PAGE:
The world lost one of its greatest female fighters 90 years ago this week. Born in Moss Side, Manchester, to politically active parents, Emmeline Goulden was introduced in her early teens to the women's suffrage movement. In 1879, aged 21, she married Richard Pankhurst, a barrister 24 years older than she was, known for supporting women's rights to vote; they had five children over the next ten years. In 1903, five years after her husband died, Pankhurst founded the Women’s Social and Political Union (WSPU), an all-women suffrage advocacy organisation dedicated to ‘deeds, not words’. Emmeline became an outspoken advocate for direct action and the WSPU became known for its physical confrontations and militant tactics – Pankhurst, her daughters, and other WSPU activists received repeated prison sentences, where they staged hunger strikes to secure better conditions, and were often force fed. In 1918 the Representation of the People Act granted votes to all men over 21 and women over 30 (provided they met certain criteria). Unfortunately for Emmeline, the marches, lectures, jail and hunger strikes took a massive toll on her health and she died on 14 June 1928, aged 69, just weeks before the government extended the vote to all women over 21 years of age.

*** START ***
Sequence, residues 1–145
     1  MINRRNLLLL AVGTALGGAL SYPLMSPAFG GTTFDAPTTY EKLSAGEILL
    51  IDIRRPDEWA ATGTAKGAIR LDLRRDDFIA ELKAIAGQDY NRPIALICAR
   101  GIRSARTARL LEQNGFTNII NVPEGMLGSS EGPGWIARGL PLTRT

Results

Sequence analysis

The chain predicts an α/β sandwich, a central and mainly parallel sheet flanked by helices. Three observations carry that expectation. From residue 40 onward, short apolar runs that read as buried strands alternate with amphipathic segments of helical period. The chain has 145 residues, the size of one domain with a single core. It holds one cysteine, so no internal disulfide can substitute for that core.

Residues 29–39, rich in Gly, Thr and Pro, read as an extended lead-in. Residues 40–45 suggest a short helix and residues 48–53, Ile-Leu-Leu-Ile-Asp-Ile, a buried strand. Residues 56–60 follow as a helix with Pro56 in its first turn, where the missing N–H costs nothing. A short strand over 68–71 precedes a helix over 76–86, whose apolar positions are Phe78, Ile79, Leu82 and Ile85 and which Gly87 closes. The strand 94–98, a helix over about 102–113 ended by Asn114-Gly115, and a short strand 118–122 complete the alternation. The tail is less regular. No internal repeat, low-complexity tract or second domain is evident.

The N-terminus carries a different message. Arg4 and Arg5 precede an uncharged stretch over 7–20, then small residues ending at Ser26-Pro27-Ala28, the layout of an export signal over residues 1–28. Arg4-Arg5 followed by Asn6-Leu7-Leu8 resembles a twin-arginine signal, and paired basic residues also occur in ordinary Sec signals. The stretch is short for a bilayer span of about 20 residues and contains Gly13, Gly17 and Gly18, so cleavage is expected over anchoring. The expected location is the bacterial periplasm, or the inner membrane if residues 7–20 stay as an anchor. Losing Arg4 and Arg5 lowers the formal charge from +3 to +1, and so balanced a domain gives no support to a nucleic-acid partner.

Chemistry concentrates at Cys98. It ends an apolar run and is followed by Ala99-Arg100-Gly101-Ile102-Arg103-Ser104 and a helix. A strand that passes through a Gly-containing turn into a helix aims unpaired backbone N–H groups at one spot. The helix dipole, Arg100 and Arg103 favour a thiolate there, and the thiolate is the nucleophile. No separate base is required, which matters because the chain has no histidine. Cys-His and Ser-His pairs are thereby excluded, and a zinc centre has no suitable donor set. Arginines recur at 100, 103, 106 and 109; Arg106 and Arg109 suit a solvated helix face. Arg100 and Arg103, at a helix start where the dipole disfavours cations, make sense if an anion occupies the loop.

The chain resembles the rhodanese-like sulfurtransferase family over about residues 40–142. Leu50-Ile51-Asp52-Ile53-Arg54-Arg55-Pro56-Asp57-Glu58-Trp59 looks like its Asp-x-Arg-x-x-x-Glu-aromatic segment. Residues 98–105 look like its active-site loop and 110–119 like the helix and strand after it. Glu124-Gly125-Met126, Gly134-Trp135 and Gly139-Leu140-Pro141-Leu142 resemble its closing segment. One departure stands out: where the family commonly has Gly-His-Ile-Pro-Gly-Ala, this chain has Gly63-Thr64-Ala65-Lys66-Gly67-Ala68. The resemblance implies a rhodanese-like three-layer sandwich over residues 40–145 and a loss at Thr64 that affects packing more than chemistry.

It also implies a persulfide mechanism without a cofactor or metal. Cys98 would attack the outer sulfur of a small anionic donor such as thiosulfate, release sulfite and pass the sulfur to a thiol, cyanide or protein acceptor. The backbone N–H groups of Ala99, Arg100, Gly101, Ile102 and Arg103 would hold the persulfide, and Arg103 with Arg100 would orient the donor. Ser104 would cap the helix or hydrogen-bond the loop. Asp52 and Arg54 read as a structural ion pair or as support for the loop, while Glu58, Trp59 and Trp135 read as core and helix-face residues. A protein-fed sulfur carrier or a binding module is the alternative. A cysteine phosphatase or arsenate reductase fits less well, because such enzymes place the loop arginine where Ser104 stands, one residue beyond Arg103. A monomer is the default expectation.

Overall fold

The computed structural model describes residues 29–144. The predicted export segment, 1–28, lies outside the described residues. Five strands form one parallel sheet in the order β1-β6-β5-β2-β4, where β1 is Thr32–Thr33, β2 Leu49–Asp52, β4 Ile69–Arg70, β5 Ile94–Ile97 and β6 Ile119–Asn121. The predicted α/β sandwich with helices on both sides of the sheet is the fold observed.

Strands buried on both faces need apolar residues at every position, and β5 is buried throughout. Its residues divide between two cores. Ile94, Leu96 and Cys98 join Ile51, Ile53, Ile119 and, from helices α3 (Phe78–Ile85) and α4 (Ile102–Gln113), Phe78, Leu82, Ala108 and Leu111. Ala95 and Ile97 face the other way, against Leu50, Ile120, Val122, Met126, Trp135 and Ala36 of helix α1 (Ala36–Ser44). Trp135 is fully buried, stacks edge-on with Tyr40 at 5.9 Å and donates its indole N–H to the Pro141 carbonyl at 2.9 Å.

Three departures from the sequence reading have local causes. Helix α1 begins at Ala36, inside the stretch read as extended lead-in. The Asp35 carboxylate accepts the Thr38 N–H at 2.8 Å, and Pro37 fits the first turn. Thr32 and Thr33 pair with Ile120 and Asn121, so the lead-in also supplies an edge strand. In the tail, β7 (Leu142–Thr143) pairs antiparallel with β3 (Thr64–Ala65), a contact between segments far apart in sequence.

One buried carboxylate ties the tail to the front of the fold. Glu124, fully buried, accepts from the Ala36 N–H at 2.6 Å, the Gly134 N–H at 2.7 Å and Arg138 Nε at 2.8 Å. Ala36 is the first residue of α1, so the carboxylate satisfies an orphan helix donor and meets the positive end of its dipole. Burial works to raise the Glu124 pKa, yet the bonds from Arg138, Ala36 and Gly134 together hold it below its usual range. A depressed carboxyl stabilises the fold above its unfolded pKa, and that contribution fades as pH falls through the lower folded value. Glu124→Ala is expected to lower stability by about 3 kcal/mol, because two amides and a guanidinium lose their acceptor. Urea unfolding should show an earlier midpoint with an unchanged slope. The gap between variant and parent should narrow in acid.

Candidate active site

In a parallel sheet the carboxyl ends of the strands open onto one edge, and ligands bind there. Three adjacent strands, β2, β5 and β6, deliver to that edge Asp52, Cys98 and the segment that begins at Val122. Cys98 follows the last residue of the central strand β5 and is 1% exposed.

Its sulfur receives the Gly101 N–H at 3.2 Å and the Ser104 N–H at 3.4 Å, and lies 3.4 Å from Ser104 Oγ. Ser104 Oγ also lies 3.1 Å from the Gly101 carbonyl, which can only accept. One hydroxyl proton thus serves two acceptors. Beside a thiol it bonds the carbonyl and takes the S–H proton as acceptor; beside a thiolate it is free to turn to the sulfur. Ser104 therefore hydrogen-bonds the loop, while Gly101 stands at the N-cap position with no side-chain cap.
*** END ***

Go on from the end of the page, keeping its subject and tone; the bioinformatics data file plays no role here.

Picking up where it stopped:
“I would rather be a rebel than a slave.”Emmeline Pankhurst